‘It lets me be my sneaky self’: Streamers explain the impact Among Us has had on the LGBT+ community

Last summer, during the height of the pandemic, one game spiked in popularity uniting gamers, influencers and even Congress with its charm, wit and silly fun – and that game was Among Us.

Originally released in 2018, the game takes place in a space-themed setting, where teams of four to ten crewmates (with one or two being imposters) attempt to identify the saboteur(s) by avoiding being killed and completing assigned tasks around the map.

From those relatively straightforward origins, Among Us has become one of the biggest sleeper hit games the gaming world has ever seen, Among Us became an immediate fan favourite amongst Gen Z and social media influencers alike.

From queer Youtubers attempting to find a boyfriend on Among Us to politician Alexandria Ocasio-Cortez logging on to play alongside Congresswoman Ilhan Omar, the game’s effect on pop culture is more than visible.

Speaking with two trailblazing LGBT+ Twitch streamers – Ben Thompson and BlizzB3ar – we asked them their thoughts on the game and whether or not they felt that it truly united the LGBT+ community.

Hi, guys! How did you get into Among Us and what do you enjoy the most about the game?

BEN: I initially began playing during its initial hype phase. (Among Us) had been around for a while but began gaining recognition in the streaming space due to how hilarious any given moment can be. I remember seeing a clip of MermaidRoyal absolutely howling at the fact she was asking for help – because she didn’t know how to get into a vent – in public chat and before you know it I’m playing this game with some amazing people creating my own funny moments.

Among Us allows me to be my best, yet sneaky, self. What a lot of people don’t know about me is that I’m very believable and can run a story about how I definitely couldn’t have been an imposter. On a lighter note, this game has introduced me to an array of creators I might never have met before. Although first impressions can be a little jarring as you’re having to lie to each other to win the game, I’ve definitely made some good friends just by being in this space.

BLIZZB3AR: I got into Among Us after watching a couple of folks on Youtube play it. I wanted to try it out, so I gathered a group of friends for a stream collab one night. I got really into it because it was a chance for you to use all your brain cells and basically play a game of Clue! (Cluedo in the UK). I am a huge fan of board games. What I enjoy the most about the game, though, is that it’s a perfect opportunity to get a bunch of friends together and create some funny moments.

Ben Thompson

LGBT+ Twitch Gamer, Streamer and Content Creator Ben Thompson

Why do you think the LGBT+ community had such a positive response to the game?

BEN: It’s one of those games where your labels do not matter. It’s a free space in which you get to put everything aside and be a character that’s just trying to survive (or complete tasks!). It’s the thrill of ‘anything could happen’.

BLIZZB3AR: It’s an amazing game where you can get a bunch of personalities together. You can share a fun time, share a laugh, try to solve a whodunnit, and just create memories. Plus, the lobby size is bigger than most games so that can equal more fun.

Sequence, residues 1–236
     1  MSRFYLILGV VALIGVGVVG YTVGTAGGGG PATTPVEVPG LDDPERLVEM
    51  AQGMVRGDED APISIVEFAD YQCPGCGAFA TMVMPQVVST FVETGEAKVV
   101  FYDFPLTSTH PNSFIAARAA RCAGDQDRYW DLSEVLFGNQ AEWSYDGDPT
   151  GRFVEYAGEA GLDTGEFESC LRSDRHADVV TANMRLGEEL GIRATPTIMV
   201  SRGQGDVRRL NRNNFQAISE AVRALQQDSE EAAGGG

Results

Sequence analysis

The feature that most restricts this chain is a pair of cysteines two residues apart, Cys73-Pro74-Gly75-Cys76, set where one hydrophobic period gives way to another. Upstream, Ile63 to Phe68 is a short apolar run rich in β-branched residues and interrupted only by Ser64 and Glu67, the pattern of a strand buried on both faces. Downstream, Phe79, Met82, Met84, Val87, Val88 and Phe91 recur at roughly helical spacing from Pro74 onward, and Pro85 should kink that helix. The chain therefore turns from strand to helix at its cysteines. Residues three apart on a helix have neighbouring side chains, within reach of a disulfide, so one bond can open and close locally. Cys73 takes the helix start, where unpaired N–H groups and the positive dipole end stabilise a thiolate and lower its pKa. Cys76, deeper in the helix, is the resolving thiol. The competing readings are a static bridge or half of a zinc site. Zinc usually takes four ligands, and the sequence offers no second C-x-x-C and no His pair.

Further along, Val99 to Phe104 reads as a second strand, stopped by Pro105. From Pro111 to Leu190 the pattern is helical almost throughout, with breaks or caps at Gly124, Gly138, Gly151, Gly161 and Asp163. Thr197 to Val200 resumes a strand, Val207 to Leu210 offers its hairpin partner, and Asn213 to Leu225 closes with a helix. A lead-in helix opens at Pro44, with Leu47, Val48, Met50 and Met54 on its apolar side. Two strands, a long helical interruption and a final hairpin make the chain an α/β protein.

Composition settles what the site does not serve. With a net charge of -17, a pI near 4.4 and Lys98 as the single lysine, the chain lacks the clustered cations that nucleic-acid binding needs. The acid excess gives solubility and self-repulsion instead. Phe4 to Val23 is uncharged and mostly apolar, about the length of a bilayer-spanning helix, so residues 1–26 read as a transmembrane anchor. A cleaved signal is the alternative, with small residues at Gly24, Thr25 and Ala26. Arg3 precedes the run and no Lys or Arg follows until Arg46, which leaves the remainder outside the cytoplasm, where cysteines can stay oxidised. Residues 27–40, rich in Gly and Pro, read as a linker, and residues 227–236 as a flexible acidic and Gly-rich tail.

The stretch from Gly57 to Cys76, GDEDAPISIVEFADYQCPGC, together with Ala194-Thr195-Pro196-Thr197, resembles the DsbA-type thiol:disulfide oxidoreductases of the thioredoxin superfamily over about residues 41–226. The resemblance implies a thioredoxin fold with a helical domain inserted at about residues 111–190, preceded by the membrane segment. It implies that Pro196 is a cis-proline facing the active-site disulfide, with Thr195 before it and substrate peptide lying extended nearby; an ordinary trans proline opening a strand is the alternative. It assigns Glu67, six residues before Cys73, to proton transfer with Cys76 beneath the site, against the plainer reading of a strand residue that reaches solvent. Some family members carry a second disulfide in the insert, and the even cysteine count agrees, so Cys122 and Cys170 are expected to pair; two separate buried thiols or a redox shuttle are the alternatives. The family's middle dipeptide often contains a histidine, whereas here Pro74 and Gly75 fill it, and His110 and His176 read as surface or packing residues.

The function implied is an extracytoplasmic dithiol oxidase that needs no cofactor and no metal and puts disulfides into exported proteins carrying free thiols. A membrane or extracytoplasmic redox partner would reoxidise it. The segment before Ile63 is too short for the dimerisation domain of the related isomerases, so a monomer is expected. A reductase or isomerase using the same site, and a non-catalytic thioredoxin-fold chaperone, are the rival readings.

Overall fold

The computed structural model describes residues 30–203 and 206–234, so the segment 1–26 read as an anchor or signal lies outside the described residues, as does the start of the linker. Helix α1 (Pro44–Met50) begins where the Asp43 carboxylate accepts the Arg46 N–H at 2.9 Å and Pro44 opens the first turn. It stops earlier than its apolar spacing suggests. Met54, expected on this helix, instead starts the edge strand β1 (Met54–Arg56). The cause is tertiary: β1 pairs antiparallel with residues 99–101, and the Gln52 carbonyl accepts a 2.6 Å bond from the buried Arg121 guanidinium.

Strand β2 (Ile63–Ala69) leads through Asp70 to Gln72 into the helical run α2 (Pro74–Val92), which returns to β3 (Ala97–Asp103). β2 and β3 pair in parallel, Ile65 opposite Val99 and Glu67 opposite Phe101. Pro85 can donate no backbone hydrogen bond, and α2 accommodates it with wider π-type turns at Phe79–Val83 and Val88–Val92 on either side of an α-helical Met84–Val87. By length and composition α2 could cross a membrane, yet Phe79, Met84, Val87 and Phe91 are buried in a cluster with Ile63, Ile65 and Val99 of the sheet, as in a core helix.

Do you believe the game united the LGBT+ community? If so what effect do you think it had on the queer gaming community?

BEN: In the creator space, absolutely; there aren’t that many games like this out there. Every time I play I just know that it’s going to turn into a ‘wine night’ and I’m going to have a blast with old and new faces!

BLIZZB3AR: I don’t think this game was a major unification for the queer community, but it definitely was a positive force during the pandemic. Personally, I met a lot of queer individuals in the gaming community by being invited to Among Us lobbies. Before Twitch, I didn’t really have a lot of queer friends in real life due to the area I am in, but I was able to come into this space and make A LOT of queer friends online. That in itself is comforting because now I am around a group of folks who understand some of the experiences I have gone through.

@blizzb3ar on Twitter & IG

@blizzb3ar on Twitter & IG

Do you think that the LGBT+ gaming community is stronger than before and if so why? What has changed? What could be changed?

BEN: Definitely! This past year the LGBT+ community has had time to simmer and take a look at what really matters. From what I’ve seen we’re working harmoniously and have fine-tuned a space for ourselves where there hadn’t been before. Don’t get me wrong, there’s still a lot of gatekeeping and that’s always going to happen but we’re slowly but surely breaking down doors. We’re being recognised for the content we’re creating and not our labels.

BLIZZB3AR: I would say yes. What changed was the pandemic. A lot of us went into streaming as a way to cope with the scary times. From there, we met other individuals who were in the same boat as us and started making our own little queer communities and spaces on the Twitch platform. Although I have limited knowledge of the queer community before Covid, I do believe it’s been growing. Also, I don’t see any necessary changes other than continuing to uplift and protect queer BIPOC in gaming spaces.

Finally, what advice would you give to someone from our community about wanting to get into gaming and streaming?

BLIZZB3AR: You’re gonna get some bigots and trolls that come into your space. Ban them. Block them. Keep moving forward. Keep doing your thing and playing the games that make you happy. You are doing great!

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